Tuesday, 27 March 2012
This will be a follow up to my last post. I do not doubt that the founders of the United States believed in a creator. There is evidence in their writings that they believed there was a god. I’m not sure that all of them are Christians but that is irrelevant. If a group of Christians gets together and writes a document, that document is not magically endowed with the principles of Christianity. An overwhelming majority of congress members are Christians. This doesn’t mean that every piece of legislation that is churned out reflects the values taught in the Holy Bible. You wouldn’t pick up a large volume of federal tax laws and say they were written based on the principles of Christianity or the teachings of Jesus.
We can agree that the authors of documents like The Declaration of Independence and The U.S. Constitution believed in a creator god. That much is obvious. In fact they believed our rights were given to us by a creator. At the time, there was no alternative explanation for the origins of life and human beings. It would be extremely bizarre for them to believe otherwise. What we do not find in these documents is a reference to any specific god. Even if all the founders were Christians (which I doubt), there is no mention of that in any of the documents. They purposely represented god in a way that is vague and open to interpretation. It’s clear they did not intend to exclude any particular religious view from these documents.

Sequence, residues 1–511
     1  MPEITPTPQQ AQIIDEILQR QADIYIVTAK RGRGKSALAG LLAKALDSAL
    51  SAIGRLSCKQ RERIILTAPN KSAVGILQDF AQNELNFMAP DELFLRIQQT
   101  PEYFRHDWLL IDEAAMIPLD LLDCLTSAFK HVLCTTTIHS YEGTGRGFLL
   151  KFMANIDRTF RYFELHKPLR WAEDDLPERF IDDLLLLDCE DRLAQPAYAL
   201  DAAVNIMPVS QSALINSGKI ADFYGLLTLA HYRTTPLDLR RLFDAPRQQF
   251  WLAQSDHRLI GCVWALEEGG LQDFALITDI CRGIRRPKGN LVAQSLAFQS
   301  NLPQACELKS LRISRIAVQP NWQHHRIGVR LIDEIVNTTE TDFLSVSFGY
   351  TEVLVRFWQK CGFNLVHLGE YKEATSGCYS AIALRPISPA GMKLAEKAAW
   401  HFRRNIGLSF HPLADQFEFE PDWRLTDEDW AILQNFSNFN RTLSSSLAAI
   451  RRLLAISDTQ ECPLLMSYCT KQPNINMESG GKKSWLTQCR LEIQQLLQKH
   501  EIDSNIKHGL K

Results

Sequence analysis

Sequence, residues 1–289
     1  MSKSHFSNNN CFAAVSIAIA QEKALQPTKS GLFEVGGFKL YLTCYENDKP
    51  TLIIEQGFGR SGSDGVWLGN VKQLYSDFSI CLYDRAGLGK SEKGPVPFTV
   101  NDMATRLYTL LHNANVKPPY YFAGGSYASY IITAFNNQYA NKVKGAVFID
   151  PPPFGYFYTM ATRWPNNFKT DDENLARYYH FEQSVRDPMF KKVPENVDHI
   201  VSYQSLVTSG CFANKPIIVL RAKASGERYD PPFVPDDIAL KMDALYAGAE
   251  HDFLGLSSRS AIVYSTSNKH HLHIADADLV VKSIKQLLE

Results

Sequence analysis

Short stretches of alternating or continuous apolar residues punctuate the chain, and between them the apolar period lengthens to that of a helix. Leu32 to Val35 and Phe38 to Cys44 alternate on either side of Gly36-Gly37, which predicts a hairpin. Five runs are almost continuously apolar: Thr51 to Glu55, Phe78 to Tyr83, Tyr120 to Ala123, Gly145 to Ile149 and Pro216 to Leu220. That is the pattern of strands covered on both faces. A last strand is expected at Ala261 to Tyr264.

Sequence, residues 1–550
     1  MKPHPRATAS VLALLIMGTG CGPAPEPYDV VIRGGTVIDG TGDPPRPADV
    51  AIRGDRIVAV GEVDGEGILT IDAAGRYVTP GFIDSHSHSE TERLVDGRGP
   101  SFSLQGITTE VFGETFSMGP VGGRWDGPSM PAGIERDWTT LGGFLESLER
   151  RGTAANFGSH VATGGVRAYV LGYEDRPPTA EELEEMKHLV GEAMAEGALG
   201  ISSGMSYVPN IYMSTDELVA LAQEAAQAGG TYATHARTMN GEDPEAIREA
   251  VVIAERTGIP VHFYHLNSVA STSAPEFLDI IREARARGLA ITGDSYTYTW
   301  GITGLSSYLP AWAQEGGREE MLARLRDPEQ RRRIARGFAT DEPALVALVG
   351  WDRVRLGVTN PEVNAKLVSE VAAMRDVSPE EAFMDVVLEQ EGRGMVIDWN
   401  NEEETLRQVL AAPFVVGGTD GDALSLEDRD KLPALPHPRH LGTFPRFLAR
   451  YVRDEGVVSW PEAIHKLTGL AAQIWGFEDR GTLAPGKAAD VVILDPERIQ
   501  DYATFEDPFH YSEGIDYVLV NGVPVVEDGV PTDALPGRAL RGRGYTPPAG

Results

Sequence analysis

The idea that The Declaration of Independence itself is a Christian document and as such proves that the idea of individual human rights is a Christian principle is ridiculous. There is no indication in the document that it was intended to be a religious document. The fact that it mentions a god does not make it a religious document. If president Obama thanks god or asks for god’s blessing in a speech that does not magically transform his speech into a religious sermon. It is very clear that the founders of this nation thought that a person’s religious preference was a personal matter. At the time it was written, the U.S. Constitution was heavily criticized specifically because it did not declare Christianity as the official religion of the nation and because it specifically bans requirements for individuals to pass religious tests to hold office. At the time such tests were rather common.
What are the principles that this nation was founded on? A few examples would be freely elected leaders, a government whose power is derived from the consent of the governed, equal and inalienable individual rights (at least for white men). None of these ideas come from The Holy Bible. Any claim that these ideas were assimilated into Christianity proves my point that Christianity has provided nothing new or unique in terms of morals, ethics, economics, government, or human rights. It has provided nothing of value to humanity that has not or could not come from a secular source.The "teachings" of the Holy Bible do not present any wisdom that any human being living at the time couldn't have thought up.
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